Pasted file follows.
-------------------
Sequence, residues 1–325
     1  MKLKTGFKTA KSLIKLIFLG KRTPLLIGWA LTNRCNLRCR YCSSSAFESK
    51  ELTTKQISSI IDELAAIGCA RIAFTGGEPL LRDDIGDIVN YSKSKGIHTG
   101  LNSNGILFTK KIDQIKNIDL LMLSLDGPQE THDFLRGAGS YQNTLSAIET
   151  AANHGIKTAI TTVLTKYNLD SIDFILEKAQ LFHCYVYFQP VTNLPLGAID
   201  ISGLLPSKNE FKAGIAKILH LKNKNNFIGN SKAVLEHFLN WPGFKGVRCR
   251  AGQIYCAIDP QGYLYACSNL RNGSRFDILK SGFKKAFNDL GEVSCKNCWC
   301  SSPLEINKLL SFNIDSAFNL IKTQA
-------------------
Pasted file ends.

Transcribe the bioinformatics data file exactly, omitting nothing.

Sequence, residues 1–325
     1  MKLKTGFKTA KSLIKLIFLG KRTPLLIGWA LTNRCNLRCR YCSSSAFESK
    51  ELTTKQISSI IDELAAIGCA RIAFTGGEPL LRDDIGDIVN YSKSKGIHTG
   101  LNSNGILFTK KIDQIKNIDL LMLSLDGPQE THDFLRGAGS YQNTLSAIET
   151  AANHGIKTAI TTVLTKYNLD SIDFILEKAQ LFHCYVYFQP VTNLPLGAID
   201  ISGLLPSKNE FKAGIAKILH LKNKNNFIGN SKAVLEHFLN WPGFKGVRCR
   251  AGQIYCAIDP QGYLYACSNL RNGSRFDILK SGFKKAFNDL GEVSCKNCWC
   301  SSPLEINKLL SFNIDSAFNL IKTQA